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    • "For GO analysis of the predicted miRNA target genes from CRCs and COCs, the predicted target genes of differentially expressed and selected miRNAs were subjected to analysis of gene ontology terms [34]. The target genes were mapped to the GO annotation dataset, and the enriched biological processes were extracted using the hypergeometric test according our previous reports [29]. A GO term was identified as a key term in this study when its ratio of enrichment was >2 and the p-value was <0.05. "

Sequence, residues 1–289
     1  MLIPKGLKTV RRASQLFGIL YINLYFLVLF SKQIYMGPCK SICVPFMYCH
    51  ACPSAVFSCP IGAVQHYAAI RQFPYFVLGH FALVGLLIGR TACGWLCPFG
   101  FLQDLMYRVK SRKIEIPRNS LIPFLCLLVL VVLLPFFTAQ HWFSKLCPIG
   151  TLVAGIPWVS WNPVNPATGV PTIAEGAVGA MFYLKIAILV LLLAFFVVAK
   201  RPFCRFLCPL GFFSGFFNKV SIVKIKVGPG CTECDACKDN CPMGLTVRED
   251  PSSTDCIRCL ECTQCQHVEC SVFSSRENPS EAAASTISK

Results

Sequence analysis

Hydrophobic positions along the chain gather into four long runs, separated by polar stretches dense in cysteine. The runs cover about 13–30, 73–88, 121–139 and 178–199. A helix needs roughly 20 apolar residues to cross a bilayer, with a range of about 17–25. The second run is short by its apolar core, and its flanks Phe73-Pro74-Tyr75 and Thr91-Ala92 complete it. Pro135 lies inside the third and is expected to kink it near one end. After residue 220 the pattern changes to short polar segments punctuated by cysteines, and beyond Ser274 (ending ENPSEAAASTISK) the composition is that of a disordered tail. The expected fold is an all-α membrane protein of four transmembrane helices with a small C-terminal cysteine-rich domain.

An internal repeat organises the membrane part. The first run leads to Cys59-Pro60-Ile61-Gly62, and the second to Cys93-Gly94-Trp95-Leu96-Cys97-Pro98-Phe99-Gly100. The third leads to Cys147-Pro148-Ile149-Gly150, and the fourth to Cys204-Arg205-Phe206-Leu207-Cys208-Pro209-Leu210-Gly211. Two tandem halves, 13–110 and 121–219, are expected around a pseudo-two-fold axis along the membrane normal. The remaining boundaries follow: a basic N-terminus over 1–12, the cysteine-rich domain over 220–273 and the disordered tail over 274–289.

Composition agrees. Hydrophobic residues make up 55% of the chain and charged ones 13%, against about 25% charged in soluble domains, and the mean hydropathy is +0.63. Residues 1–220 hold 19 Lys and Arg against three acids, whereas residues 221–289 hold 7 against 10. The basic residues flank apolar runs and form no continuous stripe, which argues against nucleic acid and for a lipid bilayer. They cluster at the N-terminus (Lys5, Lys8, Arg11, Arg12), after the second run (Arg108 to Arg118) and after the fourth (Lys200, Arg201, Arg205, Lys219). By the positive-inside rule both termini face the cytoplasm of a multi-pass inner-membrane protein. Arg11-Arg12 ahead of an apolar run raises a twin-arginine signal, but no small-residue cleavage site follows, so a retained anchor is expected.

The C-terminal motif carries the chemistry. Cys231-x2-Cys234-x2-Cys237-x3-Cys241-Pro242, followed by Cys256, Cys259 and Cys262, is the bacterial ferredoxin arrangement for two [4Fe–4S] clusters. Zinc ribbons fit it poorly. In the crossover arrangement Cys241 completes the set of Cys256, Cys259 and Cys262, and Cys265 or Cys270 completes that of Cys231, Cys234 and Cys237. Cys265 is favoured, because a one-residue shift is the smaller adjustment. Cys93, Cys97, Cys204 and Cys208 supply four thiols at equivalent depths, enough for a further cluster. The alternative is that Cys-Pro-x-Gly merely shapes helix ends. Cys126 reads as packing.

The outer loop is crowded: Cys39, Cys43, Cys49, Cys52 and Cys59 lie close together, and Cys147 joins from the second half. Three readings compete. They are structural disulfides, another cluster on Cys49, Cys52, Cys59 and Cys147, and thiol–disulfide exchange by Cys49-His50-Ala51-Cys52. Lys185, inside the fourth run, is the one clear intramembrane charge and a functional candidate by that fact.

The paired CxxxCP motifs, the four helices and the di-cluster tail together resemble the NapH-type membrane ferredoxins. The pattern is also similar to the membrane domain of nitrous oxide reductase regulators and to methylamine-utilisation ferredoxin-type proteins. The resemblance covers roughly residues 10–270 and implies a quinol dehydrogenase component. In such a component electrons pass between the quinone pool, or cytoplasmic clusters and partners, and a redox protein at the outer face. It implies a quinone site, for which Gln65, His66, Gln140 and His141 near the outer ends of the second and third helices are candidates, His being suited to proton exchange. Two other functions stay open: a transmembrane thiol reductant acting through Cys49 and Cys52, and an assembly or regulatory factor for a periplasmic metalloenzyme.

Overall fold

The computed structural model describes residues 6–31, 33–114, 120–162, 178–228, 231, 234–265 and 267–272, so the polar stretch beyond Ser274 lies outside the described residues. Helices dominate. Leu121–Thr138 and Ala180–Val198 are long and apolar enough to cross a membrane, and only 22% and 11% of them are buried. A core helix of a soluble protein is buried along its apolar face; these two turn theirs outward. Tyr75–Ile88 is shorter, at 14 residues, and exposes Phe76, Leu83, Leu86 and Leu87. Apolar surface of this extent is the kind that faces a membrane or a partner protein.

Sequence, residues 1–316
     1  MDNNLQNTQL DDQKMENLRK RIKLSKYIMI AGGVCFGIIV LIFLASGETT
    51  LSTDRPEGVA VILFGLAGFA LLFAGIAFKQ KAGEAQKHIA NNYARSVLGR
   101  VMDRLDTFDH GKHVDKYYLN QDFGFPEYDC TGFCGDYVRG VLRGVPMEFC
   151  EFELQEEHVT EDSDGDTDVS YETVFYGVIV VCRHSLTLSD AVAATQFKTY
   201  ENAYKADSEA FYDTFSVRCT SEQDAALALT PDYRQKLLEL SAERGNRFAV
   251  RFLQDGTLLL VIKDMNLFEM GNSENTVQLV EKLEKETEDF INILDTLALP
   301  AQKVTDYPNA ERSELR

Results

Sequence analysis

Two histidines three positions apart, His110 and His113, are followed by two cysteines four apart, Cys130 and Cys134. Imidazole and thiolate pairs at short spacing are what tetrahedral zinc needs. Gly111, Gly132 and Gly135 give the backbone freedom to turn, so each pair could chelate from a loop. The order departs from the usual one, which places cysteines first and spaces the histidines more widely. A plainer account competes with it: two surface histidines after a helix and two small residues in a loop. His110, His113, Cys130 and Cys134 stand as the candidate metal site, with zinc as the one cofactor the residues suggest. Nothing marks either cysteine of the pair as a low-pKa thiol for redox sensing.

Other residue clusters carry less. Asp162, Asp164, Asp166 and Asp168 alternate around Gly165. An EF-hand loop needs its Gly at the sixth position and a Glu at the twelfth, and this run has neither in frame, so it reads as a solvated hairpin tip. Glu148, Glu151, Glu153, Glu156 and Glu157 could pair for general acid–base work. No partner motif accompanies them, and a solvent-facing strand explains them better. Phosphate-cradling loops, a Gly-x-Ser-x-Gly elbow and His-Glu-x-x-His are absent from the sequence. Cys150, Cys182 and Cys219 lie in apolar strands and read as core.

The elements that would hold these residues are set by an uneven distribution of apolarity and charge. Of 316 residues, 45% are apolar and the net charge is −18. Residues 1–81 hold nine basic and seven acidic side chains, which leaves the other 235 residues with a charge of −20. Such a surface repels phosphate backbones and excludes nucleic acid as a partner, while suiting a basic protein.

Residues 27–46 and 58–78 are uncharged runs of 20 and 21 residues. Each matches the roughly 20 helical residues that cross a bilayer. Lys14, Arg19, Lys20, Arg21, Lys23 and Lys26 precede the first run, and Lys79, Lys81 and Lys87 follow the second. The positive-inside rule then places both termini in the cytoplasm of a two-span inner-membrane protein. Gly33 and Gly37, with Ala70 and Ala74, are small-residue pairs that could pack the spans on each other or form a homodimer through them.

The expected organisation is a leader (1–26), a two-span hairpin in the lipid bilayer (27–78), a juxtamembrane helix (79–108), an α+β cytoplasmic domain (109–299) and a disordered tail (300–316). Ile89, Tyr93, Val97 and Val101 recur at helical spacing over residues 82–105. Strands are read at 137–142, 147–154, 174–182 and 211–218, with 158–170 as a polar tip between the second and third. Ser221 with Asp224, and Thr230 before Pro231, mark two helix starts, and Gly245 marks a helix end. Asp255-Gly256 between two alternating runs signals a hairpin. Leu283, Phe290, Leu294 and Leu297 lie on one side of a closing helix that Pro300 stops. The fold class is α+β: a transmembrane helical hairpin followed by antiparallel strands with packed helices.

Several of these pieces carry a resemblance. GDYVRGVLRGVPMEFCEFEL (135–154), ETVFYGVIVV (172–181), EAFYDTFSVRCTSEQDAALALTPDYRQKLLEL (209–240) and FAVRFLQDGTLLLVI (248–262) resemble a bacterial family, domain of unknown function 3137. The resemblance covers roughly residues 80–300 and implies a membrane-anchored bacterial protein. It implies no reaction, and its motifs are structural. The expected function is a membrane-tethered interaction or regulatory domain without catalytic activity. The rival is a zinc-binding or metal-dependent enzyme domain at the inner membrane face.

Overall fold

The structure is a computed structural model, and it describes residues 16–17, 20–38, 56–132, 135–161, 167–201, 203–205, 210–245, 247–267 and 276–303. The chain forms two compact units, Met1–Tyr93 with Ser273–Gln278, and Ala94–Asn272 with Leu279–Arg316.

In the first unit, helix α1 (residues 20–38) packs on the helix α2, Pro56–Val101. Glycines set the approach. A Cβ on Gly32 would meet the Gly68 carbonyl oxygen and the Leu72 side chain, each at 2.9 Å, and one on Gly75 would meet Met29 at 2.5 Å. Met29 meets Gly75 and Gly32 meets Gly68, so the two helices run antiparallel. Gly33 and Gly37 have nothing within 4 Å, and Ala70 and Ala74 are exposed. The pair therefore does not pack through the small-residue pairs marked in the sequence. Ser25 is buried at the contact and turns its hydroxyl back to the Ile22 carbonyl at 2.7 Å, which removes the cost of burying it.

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    ABSTRACT: During folliculogenesis, cumulus cells surrounding the oocyte differentiate into corona radiata cells (CRCs) and cumulus oophorus cells (COCs), which are involved in gonadal steroidogenesis and the development of germ cells. Several studies suggested that microRNAs (miRNAs) play an important regulatory role at the post-transcriptional level in cumulus cells. However, comparative miRNA profiles and associated processes in human CRCs and COCs have not been reported before. In this study, miRNA profiles were obtained from CRCs and COCs using next generation sequencing in women undergoing controlled ovarian stimulation for IVF. A total of 785 and 799 annotated miRNAs were identified in CRCs and COCs, while high expression levels of six novel miRNAs were detected both in CRCs and in COCs. In addition, different expression patterns in CRCs and COCs were detected in 72 annotated miRNAs. To confirm the miRNA profile in COCs and CRCs, quantitative real-time PCR was used to validate the expression of annotated miRNAs, differentially expressed miRNAs, and novel miRNAs. The miRNAs in the let-7 family were found to be involved in the regulation of a broad range of biological processes in both cumulus cell populations, which was accompanied by a large amount of miRNA editing. Bioinformatics analysis showed that amino acid and energy metabolism were targeted significantly by miRNAs that were differentially expressed between CRCs and COCs. Our work extends the current knowledge of the regulatory role of miRNAs and their targeted pathways in folliculogenesis, and provides novel candidates for molecular biomarkers in the research of female infertility.